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Sunday, June 7, 2009

Succeeding At Ping - Part 3 of 4

This series looks at what's next for Ping Golf as the company celebrates it's fiftieth anniversary this year.

When John Solheim took over the management of Ping in 1995, the change supercharged the company. He expanded the product line into metal woods, set up a rapid-delivery system to hold on to the company's position in the custom-fitting market and hired Ping's first advertising agency. He also divested several other operations that weren't directly related to the company's roots as a club maker.

Not long after, his own sons moved into management positions in the company.
"At our age, the third generation has a lot more influence than the second generation did at the same age," David Solheim observes. "That's a credit to the second generation for allowing us to get our hands dirty."
Andy Solheim, 31, is director of customer relations. Domestic and international customer service, credit and club fitting and repair all fall under his aegis. Like his brothers (and his father, for that matter), he's never worked anywhere else. He says he learned what it means to be a Solheim early in his career.
"One time, I had just finished my master's degree and had helped do a video for a national sales meeting," Andy recalls. "I was just going to show up, watch the video then go back to the office, so I was wearing shorts and a casual shirt. My father gave me 'the look.' Fifteen minutes later, I had a suit on."
John's oldest son, known as John K., is 33 years old and the one who inherited his grandfather's engineering talent. He holds an MBA as well as a degree in mechanical engineering. As vice president of engineering, he says, he has tried to expand the design function beyond the one-man-one-idea operation it was under Karsten. He's hired several design engineers with backgrounds in the sport and has concentrated on speeding the time to market for new products. One of the company's biggest changes came with the purchase -- at John K.'s urging -- of a supercomputer, which shortened the wait time for design analysis from 15 hours to 15 minutes.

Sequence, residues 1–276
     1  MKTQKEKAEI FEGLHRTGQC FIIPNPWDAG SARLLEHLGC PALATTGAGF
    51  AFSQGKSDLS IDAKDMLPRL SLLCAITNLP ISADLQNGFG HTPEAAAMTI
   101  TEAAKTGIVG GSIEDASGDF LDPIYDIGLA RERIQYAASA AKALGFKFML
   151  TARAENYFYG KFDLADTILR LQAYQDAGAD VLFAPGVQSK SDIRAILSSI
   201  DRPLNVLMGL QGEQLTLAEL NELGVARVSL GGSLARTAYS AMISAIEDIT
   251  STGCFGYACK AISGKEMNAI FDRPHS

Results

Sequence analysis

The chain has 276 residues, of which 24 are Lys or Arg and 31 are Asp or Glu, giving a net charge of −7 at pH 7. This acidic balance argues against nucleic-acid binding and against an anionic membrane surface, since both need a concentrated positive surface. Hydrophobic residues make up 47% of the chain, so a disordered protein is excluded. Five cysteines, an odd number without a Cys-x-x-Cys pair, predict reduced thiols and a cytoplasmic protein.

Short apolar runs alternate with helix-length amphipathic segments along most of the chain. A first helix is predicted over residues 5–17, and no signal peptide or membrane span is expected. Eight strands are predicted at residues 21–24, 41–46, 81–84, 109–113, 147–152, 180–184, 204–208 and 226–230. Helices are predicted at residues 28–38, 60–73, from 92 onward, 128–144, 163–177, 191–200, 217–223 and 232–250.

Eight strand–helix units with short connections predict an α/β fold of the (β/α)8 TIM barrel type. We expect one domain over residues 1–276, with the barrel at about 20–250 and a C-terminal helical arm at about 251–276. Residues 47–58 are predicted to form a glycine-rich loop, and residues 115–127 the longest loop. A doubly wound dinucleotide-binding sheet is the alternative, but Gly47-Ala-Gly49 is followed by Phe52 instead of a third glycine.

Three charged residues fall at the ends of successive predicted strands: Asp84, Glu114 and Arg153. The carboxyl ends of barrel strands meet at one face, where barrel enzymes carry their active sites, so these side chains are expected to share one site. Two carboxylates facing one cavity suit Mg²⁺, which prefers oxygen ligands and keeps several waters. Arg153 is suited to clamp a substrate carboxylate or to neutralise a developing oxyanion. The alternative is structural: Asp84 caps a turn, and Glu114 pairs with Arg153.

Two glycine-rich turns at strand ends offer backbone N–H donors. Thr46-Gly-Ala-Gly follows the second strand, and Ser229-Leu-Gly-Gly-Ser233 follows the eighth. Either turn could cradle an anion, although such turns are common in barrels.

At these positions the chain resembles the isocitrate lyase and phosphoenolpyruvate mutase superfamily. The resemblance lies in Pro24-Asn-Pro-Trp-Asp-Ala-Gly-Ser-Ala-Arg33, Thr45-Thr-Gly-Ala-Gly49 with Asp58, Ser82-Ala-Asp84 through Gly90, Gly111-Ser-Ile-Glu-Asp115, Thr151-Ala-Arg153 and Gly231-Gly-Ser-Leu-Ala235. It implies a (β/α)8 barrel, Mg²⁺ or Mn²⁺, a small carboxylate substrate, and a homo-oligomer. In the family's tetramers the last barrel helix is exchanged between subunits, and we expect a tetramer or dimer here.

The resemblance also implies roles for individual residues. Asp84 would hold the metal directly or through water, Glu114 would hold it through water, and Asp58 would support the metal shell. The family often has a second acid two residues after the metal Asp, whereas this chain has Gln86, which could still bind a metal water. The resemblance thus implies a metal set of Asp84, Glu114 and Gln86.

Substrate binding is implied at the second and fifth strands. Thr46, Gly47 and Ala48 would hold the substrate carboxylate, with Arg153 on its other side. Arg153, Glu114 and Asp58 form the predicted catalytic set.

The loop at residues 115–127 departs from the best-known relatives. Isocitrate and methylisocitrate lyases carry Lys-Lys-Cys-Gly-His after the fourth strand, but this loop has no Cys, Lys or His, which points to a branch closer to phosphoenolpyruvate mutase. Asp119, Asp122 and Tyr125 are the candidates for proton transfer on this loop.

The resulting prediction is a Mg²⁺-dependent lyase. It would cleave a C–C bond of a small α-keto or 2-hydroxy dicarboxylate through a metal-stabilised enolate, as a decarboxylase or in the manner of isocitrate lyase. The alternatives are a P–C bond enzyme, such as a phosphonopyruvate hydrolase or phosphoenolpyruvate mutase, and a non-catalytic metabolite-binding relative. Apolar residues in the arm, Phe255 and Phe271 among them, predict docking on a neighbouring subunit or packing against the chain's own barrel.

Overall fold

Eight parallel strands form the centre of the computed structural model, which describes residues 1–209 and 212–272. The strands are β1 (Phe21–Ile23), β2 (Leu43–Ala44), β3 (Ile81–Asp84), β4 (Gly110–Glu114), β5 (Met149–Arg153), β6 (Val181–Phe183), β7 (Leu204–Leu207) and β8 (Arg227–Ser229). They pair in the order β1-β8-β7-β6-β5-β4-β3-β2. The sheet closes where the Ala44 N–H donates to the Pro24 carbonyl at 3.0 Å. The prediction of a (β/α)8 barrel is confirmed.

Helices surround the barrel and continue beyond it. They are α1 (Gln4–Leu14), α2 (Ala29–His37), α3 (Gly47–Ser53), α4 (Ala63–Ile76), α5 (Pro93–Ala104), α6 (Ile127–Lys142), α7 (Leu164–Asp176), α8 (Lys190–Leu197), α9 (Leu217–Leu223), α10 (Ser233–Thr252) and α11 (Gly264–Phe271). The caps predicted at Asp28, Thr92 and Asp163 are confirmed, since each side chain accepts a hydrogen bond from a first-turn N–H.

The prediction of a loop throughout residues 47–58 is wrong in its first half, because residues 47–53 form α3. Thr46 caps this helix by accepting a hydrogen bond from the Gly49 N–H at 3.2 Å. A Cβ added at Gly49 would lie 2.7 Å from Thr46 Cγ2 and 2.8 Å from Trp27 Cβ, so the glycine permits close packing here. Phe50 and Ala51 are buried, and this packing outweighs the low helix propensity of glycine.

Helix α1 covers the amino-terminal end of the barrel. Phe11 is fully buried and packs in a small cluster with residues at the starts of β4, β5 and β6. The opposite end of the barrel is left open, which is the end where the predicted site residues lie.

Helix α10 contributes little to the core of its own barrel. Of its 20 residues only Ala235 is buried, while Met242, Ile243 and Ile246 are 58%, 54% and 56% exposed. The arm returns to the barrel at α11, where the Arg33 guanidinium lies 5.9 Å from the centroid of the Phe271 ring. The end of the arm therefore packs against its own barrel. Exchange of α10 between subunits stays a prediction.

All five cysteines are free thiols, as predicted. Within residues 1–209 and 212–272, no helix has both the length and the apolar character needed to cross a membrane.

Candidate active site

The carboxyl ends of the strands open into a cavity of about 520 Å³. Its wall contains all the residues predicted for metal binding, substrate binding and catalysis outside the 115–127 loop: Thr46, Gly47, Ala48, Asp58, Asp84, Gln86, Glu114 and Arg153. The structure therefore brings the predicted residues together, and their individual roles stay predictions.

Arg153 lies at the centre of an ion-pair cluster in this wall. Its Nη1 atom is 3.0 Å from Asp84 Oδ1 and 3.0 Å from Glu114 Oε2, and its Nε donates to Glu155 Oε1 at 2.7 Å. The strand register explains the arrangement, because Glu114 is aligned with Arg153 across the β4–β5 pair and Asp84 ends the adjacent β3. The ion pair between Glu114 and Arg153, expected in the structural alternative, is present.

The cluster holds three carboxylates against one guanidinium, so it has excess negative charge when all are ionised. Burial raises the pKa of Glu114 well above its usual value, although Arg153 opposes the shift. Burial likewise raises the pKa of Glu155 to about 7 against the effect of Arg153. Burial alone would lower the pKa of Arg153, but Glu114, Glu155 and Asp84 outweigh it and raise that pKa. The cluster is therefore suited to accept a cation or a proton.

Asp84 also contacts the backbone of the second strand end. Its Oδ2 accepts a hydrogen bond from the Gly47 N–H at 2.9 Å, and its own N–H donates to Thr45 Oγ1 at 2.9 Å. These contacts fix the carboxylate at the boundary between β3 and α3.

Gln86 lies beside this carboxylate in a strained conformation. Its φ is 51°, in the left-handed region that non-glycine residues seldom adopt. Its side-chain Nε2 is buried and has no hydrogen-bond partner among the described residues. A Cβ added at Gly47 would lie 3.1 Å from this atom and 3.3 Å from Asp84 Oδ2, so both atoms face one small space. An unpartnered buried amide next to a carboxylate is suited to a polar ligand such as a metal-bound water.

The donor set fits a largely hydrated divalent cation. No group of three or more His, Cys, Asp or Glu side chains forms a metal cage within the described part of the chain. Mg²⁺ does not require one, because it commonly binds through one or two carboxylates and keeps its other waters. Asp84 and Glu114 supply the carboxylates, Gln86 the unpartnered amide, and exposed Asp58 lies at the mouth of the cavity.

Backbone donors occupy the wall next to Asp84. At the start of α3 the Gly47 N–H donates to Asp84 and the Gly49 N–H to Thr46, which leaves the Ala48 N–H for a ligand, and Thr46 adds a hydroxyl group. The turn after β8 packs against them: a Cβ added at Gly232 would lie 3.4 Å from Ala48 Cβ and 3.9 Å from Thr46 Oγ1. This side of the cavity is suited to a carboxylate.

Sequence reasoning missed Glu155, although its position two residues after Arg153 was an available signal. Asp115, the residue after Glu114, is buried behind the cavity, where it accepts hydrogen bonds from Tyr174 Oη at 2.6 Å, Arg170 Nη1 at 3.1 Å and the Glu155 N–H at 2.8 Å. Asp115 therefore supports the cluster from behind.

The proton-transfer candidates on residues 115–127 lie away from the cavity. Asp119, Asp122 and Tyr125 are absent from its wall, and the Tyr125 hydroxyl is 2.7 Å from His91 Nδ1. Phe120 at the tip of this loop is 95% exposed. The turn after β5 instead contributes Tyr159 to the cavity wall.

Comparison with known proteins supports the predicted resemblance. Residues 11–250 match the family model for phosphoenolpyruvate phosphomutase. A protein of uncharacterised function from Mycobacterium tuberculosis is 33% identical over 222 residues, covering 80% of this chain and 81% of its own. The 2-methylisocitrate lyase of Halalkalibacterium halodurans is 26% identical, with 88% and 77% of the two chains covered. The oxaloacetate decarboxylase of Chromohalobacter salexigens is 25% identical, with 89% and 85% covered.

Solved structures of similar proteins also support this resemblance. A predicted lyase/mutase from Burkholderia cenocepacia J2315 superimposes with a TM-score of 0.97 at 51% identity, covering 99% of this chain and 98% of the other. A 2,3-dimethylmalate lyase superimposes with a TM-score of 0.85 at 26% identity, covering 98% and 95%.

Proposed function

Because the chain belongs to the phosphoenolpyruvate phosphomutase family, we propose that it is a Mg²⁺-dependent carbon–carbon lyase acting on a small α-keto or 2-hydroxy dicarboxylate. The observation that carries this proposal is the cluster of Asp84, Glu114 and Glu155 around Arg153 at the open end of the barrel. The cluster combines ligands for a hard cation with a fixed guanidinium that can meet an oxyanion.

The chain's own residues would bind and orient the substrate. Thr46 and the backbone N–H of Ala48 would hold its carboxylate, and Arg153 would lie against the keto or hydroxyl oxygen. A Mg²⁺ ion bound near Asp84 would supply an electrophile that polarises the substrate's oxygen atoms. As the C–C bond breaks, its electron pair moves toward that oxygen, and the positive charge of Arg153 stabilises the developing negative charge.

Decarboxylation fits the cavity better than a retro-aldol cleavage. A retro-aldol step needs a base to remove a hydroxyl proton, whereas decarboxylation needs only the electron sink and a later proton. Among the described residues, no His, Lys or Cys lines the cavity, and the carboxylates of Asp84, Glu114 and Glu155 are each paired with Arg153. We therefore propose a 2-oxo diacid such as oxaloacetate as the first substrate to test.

"The Cray Supercomputer was one of those times when my dad and I were on the same page," John K. says. There were plenty of other times when they weren't, including several disagreements over product design. In fact, their relationship bears some resemblance to the one between Karsten and John, according to John K.: "We may have to name another road 'John's Way.' He has his own way of doing things."
That may not bode well for the looming management transition from the second generation to the third, although John says he's working to ensure a smooth handover of operations.
"My dad was well into his 80s when he finally turned it over, and I don't intend for that to happen," John says. "I'm not in any hurry to leave, but, at the same time, we have to have the best person for the job. The family members have to compete with everybody else."
The family is working with consultants to help them address succession issues.

Dave Donelson, author of Heart of Diamonds a about in the

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